Please understand that I am in no way saying DCFS is a bad thing. Of course, there are unfortunately so many neglected children who need assistance and benefit greatly from this organization. But sometimes, parents who are just doing their job and raising their children appropriately and lovingly are accused of doing the exact opposite. I am terrified of giving Elizabeth a "time out" somewhere in public, because someone could potentially see that as "child neglect." I always hesitate to leave her be in a store aisle while she throws a fit, because I know someone could easily report me for abandonment. I never spank her in front of strangers, even though I sometimes do when we are by ourselves at home, because in their eyes, that would make me a child abuser.
I think it's pretty obvious where the line is. You can tell the difference between a parent who disciplines in a firm but loving way and one who does so in a totally inappropriate and harmful way. At least, you would think people can tell the difference. But it's not so anymore.
2. Appropriate spanking was normal and common
And maybe, some of you might say, inappropriate spanking was considered normal. I know my parents have told me that if they would have done to me what their parents did to them, it would have been easily considered "abuse." But they have never talked about their parents with fear or trepidation in their voices, and they do not feel emotionally stunted or damaged from the way their parents disciplined them. Nowadays, if you even say that you spank your child, you are given looks. When I spank Elizabeth, it involves a swat on the hand or the behind. And yes, it is hard enough so that she gets the message. But then it's over and done. And we both move on. It is an effective way for me to communicate to her when something she does in not acceptable, because she is not able to communicate with words yet. I don't enjoy doing it. And she doesn't enjoy receiving it. But it works for our family.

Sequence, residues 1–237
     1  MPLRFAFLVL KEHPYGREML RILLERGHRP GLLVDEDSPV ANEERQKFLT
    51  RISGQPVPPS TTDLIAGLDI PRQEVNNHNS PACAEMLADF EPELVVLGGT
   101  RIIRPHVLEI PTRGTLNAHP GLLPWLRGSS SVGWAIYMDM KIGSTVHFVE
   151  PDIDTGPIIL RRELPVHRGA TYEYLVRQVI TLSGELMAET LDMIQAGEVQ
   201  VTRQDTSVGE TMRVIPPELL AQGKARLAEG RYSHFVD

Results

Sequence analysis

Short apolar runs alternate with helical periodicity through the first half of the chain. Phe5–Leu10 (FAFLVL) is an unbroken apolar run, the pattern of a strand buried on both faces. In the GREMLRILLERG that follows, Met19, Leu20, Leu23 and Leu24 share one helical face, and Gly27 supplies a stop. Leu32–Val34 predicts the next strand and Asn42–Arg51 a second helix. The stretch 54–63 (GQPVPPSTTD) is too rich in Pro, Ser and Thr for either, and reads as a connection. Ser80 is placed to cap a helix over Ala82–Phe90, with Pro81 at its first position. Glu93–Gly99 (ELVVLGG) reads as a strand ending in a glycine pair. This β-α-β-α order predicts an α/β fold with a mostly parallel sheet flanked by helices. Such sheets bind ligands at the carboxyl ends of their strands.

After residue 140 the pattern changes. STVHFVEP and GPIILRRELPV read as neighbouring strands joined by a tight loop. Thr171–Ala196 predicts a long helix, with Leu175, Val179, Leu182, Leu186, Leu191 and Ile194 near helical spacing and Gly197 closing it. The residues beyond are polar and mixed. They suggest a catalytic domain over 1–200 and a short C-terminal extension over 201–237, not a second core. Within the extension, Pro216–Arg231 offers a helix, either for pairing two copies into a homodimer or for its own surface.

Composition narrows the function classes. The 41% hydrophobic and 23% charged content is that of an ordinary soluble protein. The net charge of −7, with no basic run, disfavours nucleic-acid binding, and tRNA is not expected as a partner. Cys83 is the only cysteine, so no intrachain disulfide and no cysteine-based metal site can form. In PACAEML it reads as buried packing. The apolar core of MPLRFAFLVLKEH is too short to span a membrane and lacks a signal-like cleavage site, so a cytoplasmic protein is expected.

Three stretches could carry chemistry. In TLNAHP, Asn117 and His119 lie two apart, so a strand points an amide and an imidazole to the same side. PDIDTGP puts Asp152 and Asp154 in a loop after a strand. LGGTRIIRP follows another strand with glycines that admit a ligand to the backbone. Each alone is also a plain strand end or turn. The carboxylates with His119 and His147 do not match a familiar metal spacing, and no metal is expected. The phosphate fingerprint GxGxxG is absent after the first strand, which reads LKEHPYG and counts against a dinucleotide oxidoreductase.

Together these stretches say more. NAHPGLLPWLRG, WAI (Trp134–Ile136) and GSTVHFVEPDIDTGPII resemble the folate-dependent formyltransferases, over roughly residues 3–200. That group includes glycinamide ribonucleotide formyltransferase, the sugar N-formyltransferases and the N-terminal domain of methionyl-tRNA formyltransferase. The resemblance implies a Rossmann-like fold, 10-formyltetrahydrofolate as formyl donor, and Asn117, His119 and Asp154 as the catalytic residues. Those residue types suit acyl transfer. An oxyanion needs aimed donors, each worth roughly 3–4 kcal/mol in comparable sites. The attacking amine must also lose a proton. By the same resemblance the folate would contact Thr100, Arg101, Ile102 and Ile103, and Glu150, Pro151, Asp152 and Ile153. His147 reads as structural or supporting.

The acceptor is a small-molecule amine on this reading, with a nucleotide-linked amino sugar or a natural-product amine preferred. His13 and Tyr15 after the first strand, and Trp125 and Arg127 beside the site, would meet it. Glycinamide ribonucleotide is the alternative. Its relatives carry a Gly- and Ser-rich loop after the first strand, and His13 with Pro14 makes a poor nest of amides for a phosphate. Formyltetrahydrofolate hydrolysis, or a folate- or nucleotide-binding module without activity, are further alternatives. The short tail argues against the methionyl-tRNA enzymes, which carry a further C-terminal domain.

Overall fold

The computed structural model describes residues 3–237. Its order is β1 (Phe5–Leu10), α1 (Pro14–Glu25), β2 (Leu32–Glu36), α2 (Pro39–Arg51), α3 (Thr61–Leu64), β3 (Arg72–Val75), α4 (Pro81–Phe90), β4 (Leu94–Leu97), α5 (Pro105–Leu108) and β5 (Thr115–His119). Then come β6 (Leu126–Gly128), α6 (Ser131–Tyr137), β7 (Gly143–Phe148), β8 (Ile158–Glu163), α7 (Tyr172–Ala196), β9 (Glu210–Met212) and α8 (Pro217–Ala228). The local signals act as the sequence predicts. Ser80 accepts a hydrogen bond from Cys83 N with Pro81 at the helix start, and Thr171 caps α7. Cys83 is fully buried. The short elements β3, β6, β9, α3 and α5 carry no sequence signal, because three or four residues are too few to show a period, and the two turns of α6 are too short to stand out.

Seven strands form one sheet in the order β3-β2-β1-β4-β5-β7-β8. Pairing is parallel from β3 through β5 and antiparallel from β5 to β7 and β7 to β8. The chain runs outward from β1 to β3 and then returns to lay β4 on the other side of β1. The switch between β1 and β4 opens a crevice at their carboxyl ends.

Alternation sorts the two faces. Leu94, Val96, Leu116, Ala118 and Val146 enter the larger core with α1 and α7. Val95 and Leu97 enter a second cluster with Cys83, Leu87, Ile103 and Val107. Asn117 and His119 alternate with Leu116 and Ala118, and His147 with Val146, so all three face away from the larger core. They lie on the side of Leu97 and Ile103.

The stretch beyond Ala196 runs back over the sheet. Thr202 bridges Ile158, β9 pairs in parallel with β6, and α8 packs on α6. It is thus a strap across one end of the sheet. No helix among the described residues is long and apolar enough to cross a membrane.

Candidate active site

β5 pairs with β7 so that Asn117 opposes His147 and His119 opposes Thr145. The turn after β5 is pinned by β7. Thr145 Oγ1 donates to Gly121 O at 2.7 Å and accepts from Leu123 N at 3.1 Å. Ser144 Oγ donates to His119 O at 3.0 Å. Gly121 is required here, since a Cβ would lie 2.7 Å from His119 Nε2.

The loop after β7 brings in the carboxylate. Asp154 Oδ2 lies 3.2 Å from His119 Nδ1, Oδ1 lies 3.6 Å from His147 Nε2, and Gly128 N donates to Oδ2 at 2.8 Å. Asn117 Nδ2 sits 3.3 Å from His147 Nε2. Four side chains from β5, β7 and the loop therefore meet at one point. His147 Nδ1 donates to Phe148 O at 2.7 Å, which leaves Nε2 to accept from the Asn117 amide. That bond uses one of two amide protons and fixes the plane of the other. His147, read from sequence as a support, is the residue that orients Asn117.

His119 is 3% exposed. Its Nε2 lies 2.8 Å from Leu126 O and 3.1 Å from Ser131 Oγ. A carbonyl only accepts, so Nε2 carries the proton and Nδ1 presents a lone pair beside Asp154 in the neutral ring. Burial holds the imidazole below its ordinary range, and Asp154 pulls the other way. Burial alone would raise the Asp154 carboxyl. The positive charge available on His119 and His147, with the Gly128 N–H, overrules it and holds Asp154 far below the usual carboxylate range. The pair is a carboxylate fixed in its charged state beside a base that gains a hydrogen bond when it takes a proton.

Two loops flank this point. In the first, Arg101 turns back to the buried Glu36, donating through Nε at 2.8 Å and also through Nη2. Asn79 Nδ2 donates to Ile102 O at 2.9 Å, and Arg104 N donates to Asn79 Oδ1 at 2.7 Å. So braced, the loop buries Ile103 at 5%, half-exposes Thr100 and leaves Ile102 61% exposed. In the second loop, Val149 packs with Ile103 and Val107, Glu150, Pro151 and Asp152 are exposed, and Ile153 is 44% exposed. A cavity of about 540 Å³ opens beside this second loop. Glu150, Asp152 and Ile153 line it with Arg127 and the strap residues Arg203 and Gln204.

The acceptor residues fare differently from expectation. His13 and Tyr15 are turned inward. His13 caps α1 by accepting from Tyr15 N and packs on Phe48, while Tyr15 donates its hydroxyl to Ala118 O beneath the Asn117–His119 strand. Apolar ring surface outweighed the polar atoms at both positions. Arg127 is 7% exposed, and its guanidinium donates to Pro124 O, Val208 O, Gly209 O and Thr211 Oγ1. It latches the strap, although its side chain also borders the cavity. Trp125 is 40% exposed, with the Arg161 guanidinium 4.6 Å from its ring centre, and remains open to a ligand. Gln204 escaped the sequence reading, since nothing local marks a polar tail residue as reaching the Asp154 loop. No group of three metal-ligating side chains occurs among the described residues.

3. Most mothers stayed home with the children
This is a big one. When I was a full time working outside the home mom, I found it very difficult to consistently implement my own discipline techniques, when during the day my child was disciplined in a completely different way. I think it's safe to say that most, if not all, day care facilities (rightfully so) would never dream of spanking a child in their care, even if a parent gave them permission, for fear of getting sued or fired. Some people think time-out is not a good thing. Regardless of who thinks what, the fact of the matter is, if I am the parent, it is ultimately my responsibility to discipline my child. And this is much harder to do when I am not a near constant presence in the child's life.
This is not, of course, to say that moms who work outside the home should just throw in the towel and give up. It is definitely possible to implement your own disciplinary methods on your children, even if they are cared for by someone else for much of the day. But it is impossible to deny that it is much more difficult.
4. Fathers played a much bigger role in the family